EPA is called a regulatory agency because Congress authorizes us to write regulations that explain the technical, operational, and legal details necessary to implement laws. Regulations are mandatory requirements that can apply to individuals, businesses, state or local governments, non-profit institutions, or others.?
We provide a number of tools for you to keep track of and participate in the development of new EPA regulations, and to learn how to comply with existing regulations.
- Find regulations (40 CFR)
- Track EPA rulemakings?and regulatory reform
- Get regulatory info about your state
Title 40, Code?of Federal Regulations?(40 CFR)
Regulations are codified annually in the U.S. Code of Federal Regulations (CFR). Title 40: Protection of Environment is the section of the CFR that deals with EPA's mission of protecting human health and the environment.
- The CFR is available from the Government Printing Office.
- Please note,?Title 40 is typically not updated until July of the current?calendar year.
- e-CFR: an up-to-date, unofficial version of the CFR.
The Federal Register
The Federal Register (FR) is the official daily publication for rules, proposed rules, and notices of federal agencies and organizations, as well as executive orders and other presidential documents.
There's a difference between the CFR and the FR. The FR announces ongoing activities of the agencies and notifies you when you can comment on a proposed regulation. Once a final decision is issued in the form of a final regulation, the regulation is then codified when it is incorporated into the CFR.
- The FR is available from the U.S. Government Printing Office.
- Basic outlines of where regulations apply:
EPA rulemakings (i.e., regulations that are under development) could impact you once they become final regulations. You have an opportunity to provide input on almost every regulation before it is finalized. To help you get involved in our rulemakings, we provide a number of ways you can keep track of them.
- Deregulatory Actions: Find information about EPA's compliance with Executive Order (EO) 13771.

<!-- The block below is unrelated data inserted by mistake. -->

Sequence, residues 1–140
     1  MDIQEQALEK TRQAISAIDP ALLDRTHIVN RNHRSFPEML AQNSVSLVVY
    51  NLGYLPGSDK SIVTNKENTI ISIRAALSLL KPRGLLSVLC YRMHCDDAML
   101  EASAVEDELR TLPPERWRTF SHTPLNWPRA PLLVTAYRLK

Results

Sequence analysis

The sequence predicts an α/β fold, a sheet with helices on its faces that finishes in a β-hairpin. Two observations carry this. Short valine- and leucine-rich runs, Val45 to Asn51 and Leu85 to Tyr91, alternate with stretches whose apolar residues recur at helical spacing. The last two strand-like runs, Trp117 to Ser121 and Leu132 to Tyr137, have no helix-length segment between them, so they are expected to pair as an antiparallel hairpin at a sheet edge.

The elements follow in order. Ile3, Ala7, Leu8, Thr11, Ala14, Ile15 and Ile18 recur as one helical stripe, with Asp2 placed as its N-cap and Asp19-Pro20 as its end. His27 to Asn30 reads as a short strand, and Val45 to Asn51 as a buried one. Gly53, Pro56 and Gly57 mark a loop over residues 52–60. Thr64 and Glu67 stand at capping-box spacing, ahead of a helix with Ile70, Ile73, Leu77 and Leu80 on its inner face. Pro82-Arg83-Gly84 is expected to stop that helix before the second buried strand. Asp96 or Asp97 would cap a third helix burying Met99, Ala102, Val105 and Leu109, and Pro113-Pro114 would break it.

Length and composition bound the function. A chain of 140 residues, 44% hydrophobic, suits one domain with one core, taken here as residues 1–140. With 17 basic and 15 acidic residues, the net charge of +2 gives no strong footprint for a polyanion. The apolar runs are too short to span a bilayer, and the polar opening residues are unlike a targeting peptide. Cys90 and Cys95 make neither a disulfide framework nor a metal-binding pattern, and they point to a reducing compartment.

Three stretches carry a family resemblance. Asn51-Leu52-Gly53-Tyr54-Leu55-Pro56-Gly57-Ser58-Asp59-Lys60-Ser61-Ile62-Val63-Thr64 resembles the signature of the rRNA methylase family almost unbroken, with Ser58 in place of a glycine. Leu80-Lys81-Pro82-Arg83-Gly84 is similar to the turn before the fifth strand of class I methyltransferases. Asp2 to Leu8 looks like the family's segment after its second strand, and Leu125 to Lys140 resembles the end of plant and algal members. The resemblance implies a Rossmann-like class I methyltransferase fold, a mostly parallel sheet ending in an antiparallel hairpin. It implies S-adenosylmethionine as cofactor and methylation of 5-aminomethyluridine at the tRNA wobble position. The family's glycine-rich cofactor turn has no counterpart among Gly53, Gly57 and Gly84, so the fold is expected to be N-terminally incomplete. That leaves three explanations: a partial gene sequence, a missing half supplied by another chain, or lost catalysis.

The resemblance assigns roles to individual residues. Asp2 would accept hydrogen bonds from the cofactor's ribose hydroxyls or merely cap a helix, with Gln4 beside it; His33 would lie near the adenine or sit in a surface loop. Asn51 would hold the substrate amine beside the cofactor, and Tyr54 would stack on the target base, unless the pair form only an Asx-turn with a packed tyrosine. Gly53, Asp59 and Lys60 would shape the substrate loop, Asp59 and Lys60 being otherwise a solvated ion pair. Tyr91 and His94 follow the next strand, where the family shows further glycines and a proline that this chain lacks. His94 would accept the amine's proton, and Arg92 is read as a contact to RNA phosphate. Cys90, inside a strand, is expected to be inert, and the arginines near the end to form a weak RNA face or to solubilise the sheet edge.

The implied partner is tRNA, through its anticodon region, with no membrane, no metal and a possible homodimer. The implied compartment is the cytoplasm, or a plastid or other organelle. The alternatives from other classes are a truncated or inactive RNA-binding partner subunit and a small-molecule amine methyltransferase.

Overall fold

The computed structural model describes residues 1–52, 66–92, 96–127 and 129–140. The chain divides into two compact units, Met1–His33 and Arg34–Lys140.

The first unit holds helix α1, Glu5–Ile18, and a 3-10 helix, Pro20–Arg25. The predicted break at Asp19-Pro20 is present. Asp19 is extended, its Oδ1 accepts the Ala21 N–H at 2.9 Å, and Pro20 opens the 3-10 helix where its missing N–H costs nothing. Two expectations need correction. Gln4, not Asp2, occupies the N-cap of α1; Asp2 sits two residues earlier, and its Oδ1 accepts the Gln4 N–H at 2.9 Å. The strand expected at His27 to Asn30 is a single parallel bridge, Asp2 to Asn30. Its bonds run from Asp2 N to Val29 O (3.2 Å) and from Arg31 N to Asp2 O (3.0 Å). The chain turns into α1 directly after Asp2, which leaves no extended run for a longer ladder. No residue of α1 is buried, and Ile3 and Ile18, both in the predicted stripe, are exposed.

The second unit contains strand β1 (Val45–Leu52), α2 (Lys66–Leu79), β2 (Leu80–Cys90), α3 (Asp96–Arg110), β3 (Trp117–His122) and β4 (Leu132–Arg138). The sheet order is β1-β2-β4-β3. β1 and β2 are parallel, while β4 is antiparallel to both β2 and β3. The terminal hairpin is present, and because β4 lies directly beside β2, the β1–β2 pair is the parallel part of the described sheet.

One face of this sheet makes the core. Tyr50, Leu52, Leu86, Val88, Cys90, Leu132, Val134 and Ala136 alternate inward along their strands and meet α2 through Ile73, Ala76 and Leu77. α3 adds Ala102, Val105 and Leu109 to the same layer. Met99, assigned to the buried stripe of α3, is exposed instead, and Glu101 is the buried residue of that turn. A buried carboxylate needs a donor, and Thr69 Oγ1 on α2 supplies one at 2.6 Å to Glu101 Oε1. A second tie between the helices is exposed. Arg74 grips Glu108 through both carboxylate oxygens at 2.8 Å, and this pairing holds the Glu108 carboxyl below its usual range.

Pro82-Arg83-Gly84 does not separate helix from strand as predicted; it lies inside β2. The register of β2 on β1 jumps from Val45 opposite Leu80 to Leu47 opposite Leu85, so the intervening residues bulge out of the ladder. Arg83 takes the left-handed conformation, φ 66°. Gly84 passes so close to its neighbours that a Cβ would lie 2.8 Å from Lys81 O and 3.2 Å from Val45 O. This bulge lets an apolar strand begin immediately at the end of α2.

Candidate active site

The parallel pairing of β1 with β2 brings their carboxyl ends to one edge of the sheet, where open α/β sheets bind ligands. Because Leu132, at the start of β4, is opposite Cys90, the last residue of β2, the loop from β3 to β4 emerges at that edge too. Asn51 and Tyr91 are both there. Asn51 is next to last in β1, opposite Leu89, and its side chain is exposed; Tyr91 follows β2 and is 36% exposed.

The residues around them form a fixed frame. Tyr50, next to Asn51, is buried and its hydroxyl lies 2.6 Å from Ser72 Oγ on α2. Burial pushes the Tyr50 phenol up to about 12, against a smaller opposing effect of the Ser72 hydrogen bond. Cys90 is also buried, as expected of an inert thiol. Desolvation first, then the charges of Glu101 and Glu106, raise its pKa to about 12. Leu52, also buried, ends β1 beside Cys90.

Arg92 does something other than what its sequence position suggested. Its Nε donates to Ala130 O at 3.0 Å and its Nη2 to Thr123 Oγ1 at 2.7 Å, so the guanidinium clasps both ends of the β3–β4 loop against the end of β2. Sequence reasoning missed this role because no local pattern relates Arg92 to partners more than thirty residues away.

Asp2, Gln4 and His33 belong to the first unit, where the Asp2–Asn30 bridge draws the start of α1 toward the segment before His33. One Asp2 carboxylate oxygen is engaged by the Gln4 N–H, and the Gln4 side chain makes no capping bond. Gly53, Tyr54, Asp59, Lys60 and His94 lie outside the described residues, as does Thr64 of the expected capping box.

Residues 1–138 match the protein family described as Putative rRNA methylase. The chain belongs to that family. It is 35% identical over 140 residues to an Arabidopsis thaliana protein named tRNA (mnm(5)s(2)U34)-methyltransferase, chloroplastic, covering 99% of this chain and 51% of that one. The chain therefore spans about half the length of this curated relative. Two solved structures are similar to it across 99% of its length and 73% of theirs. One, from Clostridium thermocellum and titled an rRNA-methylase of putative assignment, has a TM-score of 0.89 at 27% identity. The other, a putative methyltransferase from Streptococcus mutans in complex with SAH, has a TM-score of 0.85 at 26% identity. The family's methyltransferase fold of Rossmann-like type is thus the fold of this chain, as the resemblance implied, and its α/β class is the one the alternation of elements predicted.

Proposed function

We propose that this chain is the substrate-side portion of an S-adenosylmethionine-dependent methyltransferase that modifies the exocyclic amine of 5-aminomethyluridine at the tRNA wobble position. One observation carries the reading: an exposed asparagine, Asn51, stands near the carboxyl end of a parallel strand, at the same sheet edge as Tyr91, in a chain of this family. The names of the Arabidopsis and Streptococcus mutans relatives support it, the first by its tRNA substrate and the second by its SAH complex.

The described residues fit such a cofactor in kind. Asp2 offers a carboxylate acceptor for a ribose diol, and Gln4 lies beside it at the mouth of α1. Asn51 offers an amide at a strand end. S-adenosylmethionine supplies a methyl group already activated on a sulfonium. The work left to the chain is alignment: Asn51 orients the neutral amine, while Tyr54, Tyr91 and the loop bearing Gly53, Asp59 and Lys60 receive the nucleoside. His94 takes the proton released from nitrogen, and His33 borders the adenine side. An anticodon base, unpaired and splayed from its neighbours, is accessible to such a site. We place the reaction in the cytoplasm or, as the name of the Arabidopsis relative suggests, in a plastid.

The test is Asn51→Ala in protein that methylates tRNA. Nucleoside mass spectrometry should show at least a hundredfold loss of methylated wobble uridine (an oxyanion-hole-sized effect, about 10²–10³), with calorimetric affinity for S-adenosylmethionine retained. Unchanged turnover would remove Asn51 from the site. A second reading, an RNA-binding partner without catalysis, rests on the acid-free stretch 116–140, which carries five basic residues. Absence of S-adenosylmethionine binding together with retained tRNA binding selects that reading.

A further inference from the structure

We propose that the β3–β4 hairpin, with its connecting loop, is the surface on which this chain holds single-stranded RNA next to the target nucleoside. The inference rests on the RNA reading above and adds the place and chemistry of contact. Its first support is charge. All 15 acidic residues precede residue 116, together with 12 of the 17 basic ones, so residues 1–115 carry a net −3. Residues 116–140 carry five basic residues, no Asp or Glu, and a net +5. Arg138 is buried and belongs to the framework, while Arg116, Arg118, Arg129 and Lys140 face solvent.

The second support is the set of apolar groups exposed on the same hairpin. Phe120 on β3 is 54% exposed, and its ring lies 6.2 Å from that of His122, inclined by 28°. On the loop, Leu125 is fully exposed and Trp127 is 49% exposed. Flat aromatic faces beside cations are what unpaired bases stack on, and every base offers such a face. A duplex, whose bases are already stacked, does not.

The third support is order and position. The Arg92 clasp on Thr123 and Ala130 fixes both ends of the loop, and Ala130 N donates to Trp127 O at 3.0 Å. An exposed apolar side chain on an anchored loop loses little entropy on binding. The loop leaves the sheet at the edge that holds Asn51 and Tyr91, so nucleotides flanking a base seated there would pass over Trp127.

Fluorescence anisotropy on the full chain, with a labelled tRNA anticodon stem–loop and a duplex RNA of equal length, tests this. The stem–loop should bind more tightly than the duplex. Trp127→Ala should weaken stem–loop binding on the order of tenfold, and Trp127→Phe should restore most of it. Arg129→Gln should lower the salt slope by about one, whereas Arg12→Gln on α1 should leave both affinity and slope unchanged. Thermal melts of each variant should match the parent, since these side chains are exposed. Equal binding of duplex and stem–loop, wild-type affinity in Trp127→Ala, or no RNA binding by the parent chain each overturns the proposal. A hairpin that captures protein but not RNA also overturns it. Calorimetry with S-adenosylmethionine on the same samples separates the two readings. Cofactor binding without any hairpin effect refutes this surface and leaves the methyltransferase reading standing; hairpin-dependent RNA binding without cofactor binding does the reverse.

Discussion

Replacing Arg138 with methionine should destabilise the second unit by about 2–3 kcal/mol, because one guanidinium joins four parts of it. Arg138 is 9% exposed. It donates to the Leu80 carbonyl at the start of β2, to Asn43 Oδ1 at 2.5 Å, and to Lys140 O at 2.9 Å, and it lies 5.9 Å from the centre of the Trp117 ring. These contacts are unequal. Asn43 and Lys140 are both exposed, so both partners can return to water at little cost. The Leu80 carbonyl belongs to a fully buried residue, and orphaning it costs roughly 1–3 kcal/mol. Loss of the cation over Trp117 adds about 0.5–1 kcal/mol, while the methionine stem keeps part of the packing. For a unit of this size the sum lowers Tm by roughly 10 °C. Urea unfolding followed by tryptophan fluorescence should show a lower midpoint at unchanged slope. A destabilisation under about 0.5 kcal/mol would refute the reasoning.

- Regulatory Reform: EPA reviews its regulations to determine if any should be repealed, replaced, or modified.
- Regulatory Agendas and Regulatory?Plans: Download twice yearly publications of EPA's regulatory activities.
- Regulations.gov: This multi-agency website serves as an online clearinghouse for materials related to EPA rulemakings and is EPA's official on-line comment system. Comment on regulations, and access rules that have been published in the Federal Register and related documents.
- EPA Docket Centers: EPA docket centers provide access to the same information as Regulations.gov for those people without access to the Internet. In addition, the docket centers provide access to those pieces of information that we are unable to provide electronically. You may also submit comments to the docket centers, in addition to submitting them via Regulations.gov.
EPA has ten Regional offices, each of which is responsible for several states and territories. Get information about your Region or your state's environmental agencies.
In many cases, state-level environmental agencies administer the federal regulations that EPA puts in place. The Gateway to State-by-State Resource Locators Exit, sponsored by EPA's Office of Enforcement and Compliance Assistance, provides access to state-by-state environmental regulations, compliance assistance, and where applicable, permits and forms for a variety of topics.